10.3 Conditions and Diseases

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Several conditions can cause pain or inflammation that require the use of analgesics or musculoskeletal medication. Common disorders are briefly reviewed below.

Acute Pain

Acute pain usually comes on suddenly and is caused by something specific. It is sharp in quality. Acute pain usually does not last longer than six months. It goes away when there is no longer an underlying cause for the pain. Causes of acute pain include:

  • Surgery
  • Broken bones
  • Dental work
  • Burns or cuts
  • Labor and childbirth

After acute pain goes away, a person can go on with life as usual.[1]

Chronic Pain

Chronic pain is pain that is ongoing and usually lasts longer than six months. This type of pain can continue even after the injury or illness that caused it has healed or gone away. Pain signals remain active in the nervous system for weeks, months, or years. Some people suffer chronic pain even when there is no past injury or apparent body damage. Chronic pain is linked to conditions including:

  • Headache
  • Arthritis
  • Cancer
  • Nerve pain
  • Back pain
  • Fibromyalgia pain

People who have chronic pain can have physical effects that are stressful on the body. These include tense muscles, limited ability to move around, a lack of energy, and appetite changes. Emotional effects of chronic pain include depression, anger, anxiety, and fear of reinjury. Such a fear might limit a person’s ability to return to their regular work or leisure activities.[2]


Fibromyalgia is a condition that causes pain all over the body (also referred to as widespread pain), sleep problems, fatigue, and often emotional and mental distress. People with fibromyalgia may be more sensitive to pain than people without fibromyalgia. This is called abnormal pain perception processing. Fibromyalgia affects about 4 million US adults, about 2% of the adult population. The cause of fibromyalgia is not known, but it can be effectively treated and managed.[3]

The most common symptoms of fibromyalgia are the following:

  • Pain and stiffness all over the body
  • Fatigue and tiredness
  • Depression and anxiety
  • Sleep problems
  • Problems with thinking, memory, and concentration
  • Headaches, including migraines

Other symptoms may include:

  • Tingling or numbness in hands and feet
  • Pain in the face or jaw, including disorders of the jaw known as temporomandibular joint syndrome (TMJ)
  • Digestive problems, such as abdominal pain, bloating, constipation, and even irritable bowel syndrome (IBS)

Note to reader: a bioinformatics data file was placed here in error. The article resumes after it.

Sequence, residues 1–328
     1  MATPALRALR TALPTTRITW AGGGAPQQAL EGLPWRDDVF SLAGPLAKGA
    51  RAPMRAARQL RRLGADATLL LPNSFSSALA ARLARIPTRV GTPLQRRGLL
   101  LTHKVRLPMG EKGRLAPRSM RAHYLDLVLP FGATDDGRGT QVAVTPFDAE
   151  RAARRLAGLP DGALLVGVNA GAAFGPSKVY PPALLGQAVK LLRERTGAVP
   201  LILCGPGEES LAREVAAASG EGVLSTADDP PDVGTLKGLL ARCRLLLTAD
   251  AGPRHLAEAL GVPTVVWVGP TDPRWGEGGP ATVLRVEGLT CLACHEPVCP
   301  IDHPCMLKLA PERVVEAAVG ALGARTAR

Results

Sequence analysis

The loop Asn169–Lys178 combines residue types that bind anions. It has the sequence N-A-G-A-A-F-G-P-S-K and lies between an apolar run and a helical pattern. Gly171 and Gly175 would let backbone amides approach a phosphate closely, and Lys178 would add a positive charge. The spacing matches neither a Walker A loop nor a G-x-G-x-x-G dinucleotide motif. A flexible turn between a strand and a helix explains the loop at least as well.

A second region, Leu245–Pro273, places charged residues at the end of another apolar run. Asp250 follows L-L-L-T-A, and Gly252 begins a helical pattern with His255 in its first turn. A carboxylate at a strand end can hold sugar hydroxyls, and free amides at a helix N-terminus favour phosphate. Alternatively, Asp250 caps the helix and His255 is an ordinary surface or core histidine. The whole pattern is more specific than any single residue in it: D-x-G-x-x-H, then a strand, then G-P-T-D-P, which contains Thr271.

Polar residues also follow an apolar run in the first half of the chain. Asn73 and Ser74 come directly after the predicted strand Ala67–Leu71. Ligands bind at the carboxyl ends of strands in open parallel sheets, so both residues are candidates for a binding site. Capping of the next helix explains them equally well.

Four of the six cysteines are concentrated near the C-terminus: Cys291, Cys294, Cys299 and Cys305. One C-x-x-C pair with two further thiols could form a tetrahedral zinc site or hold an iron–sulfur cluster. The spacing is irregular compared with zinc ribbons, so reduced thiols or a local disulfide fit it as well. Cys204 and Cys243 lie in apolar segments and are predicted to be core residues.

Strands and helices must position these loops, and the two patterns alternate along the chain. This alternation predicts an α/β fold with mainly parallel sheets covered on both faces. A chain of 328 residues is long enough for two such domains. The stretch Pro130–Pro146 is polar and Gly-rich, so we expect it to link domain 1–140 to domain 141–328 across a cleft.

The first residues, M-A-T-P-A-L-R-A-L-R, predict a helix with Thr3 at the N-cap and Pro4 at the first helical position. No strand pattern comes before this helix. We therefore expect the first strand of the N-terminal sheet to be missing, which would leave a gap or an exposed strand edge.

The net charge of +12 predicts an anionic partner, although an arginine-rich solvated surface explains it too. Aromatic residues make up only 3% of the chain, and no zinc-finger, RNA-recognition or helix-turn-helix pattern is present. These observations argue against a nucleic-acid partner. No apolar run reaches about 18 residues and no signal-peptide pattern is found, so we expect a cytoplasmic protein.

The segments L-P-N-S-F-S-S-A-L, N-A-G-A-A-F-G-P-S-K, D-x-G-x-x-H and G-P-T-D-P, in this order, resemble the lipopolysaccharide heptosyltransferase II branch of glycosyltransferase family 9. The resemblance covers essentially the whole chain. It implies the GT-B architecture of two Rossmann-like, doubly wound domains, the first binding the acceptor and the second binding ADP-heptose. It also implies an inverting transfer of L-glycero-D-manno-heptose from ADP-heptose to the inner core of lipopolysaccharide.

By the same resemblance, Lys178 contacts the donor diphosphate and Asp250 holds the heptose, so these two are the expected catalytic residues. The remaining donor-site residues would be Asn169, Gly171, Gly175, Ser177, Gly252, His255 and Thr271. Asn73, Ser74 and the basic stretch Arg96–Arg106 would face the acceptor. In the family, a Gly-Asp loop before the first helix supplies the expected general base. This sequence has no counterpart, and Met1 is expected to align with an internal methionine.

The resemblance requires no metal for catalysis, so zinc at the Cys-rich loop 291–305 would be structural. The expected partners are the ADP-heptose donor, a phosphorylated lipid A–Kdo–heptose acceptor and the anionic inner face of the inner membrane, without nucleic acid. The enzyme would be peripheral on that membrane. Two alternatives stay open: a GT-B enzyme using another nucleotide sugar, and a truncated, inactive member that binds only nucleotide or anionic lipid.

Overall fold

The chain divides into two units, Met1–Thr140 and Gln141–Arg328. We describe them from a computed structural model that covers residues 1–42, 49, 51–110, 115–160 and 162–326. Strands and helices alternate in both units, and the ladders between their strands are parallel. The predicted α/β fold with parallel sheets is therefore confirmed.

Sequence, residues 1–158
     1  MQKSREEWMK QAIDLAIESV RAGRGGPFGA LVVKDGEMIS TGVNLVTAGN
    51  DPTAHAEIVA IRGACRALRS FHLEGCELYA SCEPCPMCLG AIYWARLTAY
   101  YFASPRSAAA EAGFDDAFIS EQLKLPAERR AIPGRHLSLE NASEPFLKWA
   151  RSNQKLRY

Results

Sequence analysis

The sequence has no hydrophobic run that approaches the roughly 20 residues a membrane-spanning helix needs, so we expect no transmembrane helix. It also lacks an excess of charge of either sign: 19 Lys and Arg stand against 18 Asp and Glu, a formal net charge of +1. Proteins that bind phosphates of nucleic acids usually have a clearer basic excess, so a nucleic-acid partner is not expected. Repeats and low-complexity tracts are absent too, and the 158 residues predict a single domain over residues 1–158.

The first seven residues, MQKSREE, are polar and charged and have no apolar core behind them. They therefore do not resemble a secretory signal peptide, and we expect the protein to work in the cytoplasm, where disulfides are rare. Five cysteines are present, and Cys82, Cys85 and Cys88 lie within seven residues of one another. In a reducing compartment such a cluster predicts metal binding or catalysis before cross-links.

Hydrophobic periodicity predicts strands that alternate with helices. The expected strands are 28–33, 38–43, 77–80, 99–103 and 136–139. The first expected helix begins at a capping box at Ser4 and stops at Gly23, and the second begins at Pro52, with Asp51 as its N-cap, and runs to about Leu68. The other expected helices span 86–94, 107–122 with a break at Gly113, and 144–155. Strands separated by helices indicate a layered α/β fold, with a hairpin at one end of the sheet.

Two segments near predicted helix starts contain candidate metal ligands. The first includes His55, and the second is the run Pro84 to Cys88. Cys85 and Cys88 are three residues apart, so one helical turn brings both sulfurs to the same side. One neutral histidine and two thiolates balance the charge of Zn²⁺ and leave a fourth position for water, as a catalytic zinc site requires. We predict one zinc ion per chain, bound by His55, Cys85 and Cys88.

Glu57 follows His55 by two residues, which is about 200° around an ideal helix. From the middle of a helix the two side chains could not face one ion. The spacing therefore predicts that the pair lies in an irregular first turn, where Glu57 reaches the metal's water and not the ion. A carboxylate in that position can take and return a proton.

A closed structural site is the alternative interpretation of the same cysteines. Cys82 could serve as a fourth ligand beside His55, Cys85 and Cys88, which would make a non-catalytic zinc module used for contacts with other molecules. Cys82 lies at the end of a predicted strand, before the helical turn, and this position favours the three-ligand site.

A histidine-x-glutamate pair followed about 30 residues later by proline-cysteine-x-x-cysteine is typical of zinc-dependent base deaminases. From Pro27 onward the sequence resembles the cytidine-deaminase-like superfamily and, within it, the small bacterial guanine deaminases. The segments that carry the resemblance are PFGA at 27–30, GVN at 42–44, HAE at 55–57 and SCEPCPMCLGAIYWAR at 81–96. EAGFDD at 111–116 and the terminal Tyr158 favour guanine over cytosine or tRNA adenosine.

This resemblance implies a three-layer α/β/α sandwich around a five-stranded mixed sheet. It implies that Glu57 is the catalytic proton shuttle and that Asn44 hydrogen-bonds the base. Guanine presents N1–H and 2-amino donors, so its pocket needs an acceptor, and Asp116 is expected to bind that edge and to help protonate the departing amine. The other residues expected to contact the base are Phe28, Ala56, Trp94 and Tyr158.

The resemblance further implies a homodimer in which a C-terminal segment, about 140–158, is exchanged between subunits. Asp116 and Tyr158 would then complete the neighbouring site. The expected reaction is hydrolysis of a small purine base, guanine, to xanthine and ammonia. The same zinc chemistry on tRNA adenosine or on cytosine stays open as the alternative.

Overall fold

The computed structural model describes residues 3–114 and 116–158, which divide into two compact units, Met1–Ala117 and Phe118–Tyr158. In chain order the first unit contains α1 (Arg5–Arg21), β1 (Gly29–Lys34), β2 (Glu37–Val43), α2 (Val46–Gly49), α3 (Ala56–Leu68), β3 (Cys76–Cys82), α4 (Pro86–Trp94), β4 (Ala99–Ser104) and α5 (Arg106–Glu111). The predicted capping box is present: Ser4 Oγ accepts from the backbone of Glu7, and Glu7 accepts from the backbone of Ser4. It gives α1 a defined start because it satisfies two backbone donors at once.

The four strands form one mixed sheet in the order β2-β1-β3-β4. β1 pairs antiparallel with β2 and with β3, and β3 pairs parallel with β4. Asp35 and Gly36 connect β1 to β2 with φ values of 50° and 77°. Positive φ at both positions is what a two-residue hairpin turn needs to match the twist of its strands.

Known risk factors include:

  • Age. Fibromyalgia can affect people of all ages, including children. However, most people are diagnosed during middle age
  • Lupus or Rheumatoid Arthritis. Patients diagnosed with lupus or rheumatoid arthritis (RA) are more likely to develop fibromyalgia

Other factors that have been weakly associated with onset of fibromyalgia include:

  • Sex. Women are twice as likely to have fibromyalgia as men
  • Stressful or traumatic events, such as car accidents or post-traumatic stress disorder (PTSD)
  • Repetitive injuries. Injury from repetitive stress on a joint, such as frequent knee bending
  • Illness (such as viral infections)
  • Family history
  • Obesity

Doctors usually diagnose fibromyalgia using the patient’s history, physical examination, X-rays, and blood work.[4]


Gout is a common form of inflammatory arthritis that is very painful. It usually affects one joint at a time (often the big toe joint). There are times when symptoms get worse, known as flares, and times when there are no symptoms, known as remission. Repeated bouts of gout can lead to gouty arthritis, a worsening form of arthritis.

There is no cure for gout, but you can effectively treat and manage the condition with medication and self-management strategies.

Gout flares start suddenly and can last days or weeks. These flares are followed by long periods of remission (weeks, months, or years) without symptoms before another flare begins. Along with the big toe, joints commonly affected are the lesser toe joints, the ankle, and the knee.[5]

Symptoms in the affected joint(s) may include:

  • Pain, usually intense
  • Swelling
  • Redness
  • Heat

Gout is caused by a condition known as hyperuricemia, where there is too much uric acid in the body. The body makes uric acid when it breaks down purines, which are found in your body and the foods you eat. When there is too much uric acid in the body, uric acid crystals (monosodium urate) can build up in joints, fluids, and tissues within the body. Hyperuricemia does not always cause gout, and hyperuricemia without gout symptoms does not need to be treated.

The following make it more likely that you will develop hyperuricemia, which causes gout:

  • Being male
  • Being obese

Having certain health conditions can also increase your chances of developing hyperuricemia. These conditions include the following:

  • Congestive heart failure
  • Hypertension (high blood pressure)
  • Insulin resistance
  • Metabolic syndrome
  • Diabetes
  • Poor kidney function

Additional factors may increase your chances of developing hyperuricemia:

  • Using certain medications, such as diuretics (water pills)
  • Drinking alcohol. The risk of gout is greater as alcohol intake increases
  • Eating or drinking food and drinks high in fructose (a type of sugar)
  • Having a diet high in purines, which the body breaks down into uric acid. Purine-rich foods include red meat, organ meat, and some kinds of seafood, such as anchovies, sardines, mussels, scallops, trout, and tuna.